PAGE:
Oklahoma City bombing survivors find ‘beauty in the ashes’

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OKLAHOMA CITY — Four stories of triumph over tragedy are coming together for the first time in a feature film about the 1995 bombing of the Alfred P. Murrah Federal Building.

Dr. Raymund King was in the middle of a glass sky bridge that connected the parking garage to the hospital when the bomb went off.

“The shock wave shook the bridge. I thought that a truck was driving underneath it and collided underneath the bridge. So I’m peering over, I don’t see anything and I look in front of me, in front of the buildings, the buildings behind the buildings, and you could see gray white smoke billowing from there,” said Dr. King. “So I went on into the hospital onto the third floor, where my clinic was, and I turned on the TV in the waiting room and they had a helicopter view of the Murrah Center.”

As Dr. King recalls the horror and the shock, he said the images are hard to forget.

"What really struck me the most was how quiet it was. People were coming in like zombies and there was glass everywhere. One gentleman came to me, he had a blood soaked towel on his face,” Dr. King said. “Apparently, he was standing in a building across the street from the Murrah center. He had his back to the window. The force of the explosion had, essentially, cut his scalp, lifted it up and flipped it over his face.”

It was a moment that changed his life forever.

Aren Almon Kok was dropping her daughter, Baylee, off at the Murrah building’s daycare center that tragic morning.

“I took my daughter there and I felt like she was safe and I felt that I was doing the right thing. But I mean, she wasn’t safe,” Aren Almon Kok said.

After the bomb went off, Kok immediately rushed to Alfred P. Murrah Building to look for Baylee.

“Even the day I went down there to look for Baylee, the policeman that was standing there, I was like, 'I'm looking for my daughter. She was in the day care center.'  And he was like, 'Well, there wasn't a day care center in there.' And I'm like, 'Yeah, there was,” Kok said.” I remember that day and I remember feeling like I was in a war zone.”

When a photographer captured a picture of Oklahoma City Fire Captain Chris Fields carrying Baylee, who didn’t survive the explosion, Kok faced the ultimate test of strength.

“To me and my family, that picture is a representation of everybody there that died that day,” Kok said.

Just like Kok, Fields was forever changed that day.

“For me, I didn’t just work that day and go back to the fire station and life went on,” Chris Fields, a retired captain of the Oklahoma City Fire Department, told News 4.

He can still remember exactly how it looked after the bomb went off.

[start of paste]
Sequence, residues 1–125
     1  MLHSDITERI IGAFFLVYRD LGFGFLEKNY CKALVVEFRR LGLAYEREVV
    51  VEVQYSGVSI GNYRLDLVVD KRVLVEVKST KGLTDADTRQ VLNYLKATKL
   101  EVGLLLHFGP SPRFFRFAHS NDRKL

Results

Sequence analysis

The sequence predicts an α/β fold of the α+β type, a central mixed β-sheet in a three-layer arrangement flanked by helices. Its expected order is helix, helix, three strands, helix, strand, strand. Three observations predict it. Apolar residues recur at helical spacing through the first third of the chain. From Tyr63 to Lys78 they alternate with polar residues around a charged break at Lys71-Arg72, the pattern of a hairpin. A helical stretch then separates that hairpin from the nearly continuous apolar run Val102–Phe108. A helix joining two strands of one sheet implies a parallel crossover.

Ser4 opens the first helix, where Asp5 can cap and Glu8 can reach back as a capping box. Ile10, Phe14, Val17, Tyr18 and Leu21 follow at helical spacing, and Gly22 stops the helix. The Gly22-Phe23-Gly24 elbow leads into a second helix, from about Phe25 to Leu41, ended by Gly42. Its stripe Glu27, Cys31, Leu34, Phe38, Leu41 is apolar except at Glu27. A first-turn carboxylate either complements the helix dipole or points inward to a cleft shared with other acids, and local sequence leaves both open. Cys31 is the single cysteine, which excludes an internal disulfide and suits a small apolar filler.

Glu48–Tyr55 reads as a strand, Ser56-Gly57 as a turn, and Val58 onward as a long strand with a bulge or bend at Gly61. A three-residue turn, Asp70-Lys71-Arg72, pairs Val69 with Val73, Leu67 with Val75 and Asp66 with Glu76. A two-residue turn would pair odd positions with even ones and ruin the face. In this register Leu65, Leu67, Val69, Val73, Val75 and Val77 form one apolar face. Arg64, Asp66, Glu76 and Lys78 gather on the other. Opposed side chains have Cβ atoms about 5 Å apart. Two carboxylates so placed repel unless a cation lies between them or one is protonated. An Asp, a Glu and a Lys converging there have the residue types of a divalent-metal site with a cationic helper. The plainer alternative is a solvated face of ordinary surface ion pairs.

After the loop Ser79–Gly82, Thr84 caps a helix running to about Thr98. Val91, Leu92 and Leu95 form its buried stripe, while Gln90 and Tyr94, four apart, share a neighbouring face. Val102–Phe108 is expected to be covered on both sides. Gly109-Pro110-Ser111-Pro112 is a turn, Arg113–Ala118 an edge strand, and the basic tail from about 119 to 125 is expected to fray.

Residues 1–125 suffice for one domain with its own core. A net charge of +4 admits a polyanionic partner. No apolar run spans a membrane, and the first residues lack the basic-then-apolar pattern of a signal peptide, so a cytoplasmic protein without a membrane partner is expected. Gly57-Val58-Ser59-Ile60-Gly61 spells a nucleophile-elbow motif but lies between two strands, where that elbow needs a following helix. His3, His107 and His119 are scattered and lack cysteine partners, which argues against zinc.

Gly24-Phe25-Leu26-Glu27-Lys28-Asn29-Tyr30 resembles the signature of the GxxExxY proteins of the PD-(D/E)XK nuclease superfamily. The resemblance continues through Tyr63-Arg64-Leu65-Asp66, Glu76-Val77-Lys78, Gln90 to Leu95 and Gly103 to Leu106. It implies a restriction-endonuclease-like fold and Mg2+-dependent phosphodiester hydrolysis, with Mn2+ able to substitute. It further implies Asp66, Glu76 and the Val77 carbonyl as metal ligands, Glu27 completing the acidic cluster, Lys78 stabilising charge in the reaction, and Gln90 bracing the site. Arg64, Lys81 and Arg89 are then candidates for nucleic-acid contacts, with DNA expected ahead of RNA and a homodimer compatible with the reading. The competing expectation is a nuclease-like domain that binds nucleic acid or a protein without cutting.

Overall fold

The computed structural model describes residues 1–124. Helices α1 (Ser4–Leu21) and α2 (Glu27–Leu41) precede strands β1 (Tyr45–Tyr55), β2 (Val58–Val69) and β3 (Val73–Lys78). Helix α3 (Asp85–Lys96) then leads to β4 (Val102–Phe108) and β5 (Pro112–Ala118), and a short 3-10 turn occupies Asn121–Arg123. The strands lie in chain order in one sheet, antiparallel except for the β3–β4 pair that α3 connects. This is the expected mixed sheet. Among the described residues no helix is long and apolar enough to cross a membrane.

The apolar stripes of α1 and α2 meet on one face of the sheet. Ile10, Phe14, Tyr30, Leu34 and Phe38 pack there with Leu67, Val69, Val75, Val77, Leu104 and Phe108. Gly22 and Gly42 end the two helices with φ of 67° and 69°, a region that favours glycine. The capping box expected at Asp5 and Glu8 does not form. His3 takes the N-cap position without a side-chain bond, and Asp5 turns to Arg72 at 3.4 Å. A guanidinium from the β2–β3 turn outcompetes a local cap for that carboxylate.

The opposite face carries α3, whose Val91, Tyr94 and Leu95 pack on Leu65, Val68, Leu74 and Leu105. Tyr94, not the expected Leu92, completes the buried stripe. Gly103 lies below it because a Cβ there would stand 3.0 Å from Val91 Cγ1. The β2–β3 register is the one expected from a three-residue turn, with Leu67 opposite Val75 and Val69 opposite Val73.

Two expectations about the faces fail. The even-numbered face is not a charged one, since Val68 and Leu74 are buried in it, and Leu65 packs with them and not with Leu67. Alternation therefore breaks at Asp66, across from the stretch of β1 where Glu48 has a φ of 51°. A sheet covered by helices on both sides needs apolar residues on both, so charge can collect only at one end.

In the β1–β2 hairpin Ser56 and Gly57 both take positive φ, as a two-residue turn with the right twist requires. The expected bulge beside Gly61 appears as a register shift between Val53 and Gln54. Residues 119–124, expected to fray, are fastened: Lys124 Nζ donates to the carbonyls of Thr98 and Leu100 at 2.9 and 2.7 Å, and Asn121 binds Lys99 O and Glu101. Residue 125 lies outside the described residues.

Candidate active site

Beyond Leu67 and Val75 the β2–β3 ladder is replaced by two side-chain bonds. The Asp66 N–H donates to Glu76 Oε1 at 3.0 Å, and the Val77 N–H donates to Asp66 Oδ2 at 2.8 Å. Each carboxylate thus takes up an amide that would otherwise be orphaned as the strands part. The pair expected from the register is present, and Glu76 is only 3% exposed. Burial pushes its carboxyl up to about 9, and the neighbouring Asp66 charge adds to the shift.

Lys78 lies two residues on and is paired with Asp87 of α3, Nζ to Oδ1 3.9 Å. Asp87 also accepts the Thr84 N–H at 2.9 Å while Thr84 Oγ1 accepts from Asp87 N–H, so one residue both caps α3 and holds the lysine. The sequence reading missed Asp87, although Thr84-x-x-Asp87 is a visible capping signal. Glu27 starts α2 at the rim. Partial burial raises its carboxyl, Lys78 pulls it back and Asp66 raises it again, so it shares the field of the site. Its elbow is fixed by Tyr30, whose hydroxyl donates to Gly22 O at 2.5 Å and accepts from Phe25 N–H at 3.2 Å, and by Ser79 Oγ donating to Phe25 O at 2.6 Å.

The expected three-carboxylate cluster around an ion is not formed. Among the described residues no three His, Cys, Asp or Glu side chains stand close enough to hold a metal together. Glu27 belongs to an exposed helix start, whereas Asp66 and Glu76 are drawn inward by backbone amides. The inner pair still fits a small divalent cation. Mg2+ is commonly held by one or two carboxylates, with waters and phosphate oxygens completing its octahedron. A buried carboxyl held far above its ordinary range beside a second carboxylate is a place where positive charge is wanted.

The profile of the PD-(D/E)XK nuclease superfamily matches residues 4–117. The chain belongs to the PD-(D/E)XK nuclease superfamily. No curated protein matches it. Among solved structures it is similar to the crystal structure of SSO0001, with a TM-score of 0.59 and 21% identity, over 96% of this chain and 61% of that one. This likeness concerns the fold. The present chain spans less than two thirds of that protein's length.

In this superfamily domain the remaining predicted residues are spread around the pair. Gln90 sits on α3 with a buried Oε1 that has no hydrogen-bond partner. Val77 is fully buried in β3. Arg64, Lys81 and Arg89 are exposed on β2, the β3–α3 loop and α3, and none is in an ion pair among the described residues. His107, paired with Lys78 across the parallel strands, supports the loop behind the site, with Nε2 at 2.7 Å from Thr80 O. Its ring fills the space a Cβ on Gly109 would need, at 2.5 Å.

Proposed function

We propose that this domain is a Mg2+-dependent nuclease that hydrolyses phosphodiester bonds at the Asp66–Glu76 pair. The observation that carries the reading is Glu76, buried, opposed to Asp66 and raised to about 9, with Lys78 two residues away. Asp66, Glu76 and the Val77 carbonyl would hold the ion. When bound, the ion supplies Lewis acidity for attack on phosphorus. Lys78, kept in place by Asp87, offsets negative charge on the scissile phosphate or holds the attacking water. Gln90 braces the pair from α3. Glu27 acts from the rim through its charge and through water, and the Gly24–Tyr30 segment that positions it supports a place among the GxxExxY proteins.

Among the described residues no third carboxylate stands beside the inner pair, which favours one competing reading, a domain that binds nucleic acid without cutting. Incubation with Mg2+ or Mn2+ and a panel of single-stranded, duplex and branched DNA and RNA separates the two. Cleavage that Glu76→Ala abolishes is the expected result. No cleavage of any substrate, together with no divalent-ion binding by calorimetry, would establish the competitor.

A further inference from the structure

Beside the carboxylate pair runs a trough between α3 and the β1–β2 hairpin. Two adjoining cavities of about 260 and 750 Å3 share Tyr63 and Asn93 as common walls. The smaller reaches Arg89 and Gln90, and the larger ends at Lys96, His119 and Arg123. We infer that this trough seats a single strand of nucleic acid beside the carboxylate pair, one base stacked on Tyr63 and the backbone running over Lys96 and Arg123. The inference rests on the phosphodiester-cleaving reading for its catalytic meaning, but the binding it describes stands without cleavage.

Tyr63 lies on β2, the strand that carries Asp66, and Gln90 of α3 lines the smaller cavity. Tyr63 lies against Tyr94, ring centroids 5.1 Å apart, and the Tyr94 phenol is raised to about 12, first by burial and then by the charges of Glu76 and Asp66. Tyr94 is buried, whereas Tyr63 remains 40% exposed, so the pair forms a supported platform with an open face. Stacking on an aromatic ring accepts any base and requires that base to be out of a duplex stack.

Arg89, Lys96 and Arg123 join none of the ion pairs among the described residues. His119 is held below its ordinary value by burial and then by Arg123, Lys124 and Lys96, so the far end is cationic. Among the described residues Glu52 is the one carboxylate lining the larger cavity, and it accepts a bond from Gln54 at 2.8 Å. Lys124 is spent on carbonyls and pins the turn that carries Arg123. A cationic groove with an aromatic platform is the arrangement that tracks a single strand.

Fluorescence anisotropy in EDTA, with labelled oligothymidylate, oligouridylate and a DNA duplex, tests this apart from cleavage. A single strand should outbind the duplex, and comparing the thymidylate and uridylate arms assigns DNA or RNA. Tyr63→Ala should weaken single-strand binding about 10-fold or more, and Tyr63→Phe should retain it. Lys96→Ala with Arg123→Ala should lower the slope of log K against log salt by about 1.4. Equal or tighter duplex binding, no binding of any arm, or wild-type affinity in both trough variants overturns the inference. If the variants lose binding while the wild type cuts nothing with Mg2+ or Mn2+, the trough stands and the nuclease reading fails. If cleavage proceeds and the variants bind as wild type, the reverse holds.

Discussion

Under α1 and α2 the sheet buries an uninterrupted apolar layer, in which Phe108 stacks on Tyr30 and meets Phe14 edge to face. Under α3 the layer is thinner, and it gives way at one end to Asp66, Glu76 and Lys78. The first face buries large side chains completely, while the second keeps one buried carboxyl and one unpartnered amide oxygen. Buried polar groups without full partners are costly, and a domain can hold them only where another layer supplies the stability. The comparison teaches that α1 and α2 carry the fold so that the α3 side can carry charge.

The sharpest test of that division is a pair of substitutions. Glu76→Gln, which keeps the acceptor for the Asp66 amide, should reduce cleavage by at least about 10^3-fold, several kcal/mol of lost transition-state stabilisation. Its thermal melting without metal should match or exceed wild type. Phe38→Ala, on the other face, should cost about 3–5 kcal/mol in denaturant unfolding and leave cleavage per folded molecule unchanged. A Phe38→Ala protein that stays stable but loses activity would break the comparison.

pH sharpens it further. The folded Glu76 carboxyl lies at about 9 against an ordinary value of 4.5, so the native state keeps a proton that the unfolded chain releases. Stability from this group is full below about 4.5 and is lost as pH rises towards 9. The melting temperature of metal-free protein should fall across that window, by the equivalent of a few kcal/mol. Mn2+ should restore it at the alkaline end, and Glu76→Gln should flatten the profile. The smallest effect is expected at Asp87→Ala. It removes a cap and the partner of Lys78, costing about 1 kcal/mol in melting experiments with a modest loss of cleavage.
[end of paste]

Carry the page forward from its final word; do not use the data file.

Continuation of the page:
“There was a lot of walking wounded. I think just the overall scene was something you never picture in your mind,” Fields said. “We just don’t want people to forget.”

On April 19, 1995, Daina Bradley was at the Alfred P. Murrah Federal building with her mother and children.

“I looked at the clock and it was exactly 9:02 before everything went dark for me,” Daina Bradley said.

Bradley was trapped beneath the rubble after the bomb went off. Doctors had to amputate her leg right there on the scene.

"This is something that happened in my life that will never go away in my mind,” Bradley told News 4.

Bradley’s mother and children did not survive the attack.

“Losing my kids and my mother, you know. I was 19 when that happened,” Bradley said.

Two years after the attack, Bradley testified in a Denver courtroom that she saw Timothy McVeigh get out of the Ryder truck moments before the bombing.

"I was speaking for every bombing victim that couldn't speak out. The anger, the outrage about how it was presented in court. How he could just sit there and just smile and smirk and think it's funny. No, it wasn't cute and it wasn't funny,” Bradley said.

These four Oklahomans, all broken by the pain, learned how to deal with tragedy.

Combining his love for medicine and serving others, Dr. King applied for law school about a week after the bombing, later opening his own firm.

Kok became a spokesperson for the Protecting People First Foundation. She brought ‘Baylee’s Law’ to Congress, which requires that parents receive information about safety measures and the government agencies that are inside federal buildings that include a daycare.

“I was like, there are so many people that we invite people into federal buildings and places like that and we're not protecting them like we should,” Kok said.

April 19 was just the beginning of a series of personal trials and a test of faith for Fields.

"We focus so much on the physical aspect of the job, being in shape physically and all of that, but I think the mental aspect of the job gets overlooked sometimes and the toll it takes on first responders and their families,” Fields said.

Fields went on to speak to first responders about Post-Traumatic Stress Disorder and how to cope with the mental toll the job can take.

"I still have friends who are retired and they tell me they still have nightmares about the bombing,” Fields said.

Now a film will explore the victims' stories about that horrific day in Oklahoma history.

“I think the film is about number one, the resiliency of the human spirit, but also how grace plays an important part in life,” Dr. King said.

'Beauty for Ashes' centers around the hardships and the beauty that blossomed from the tragedy.

"It doesn't sensationalize at all, anything, about the bombing. It's not about conspiracy theories,” said Dr. King. “It's not about anything other than forgiveness and grace and the setting just happens to be the Oklahoma City bombing.”

You can find more information about the upcoming film at the Beauty for Ashes website.

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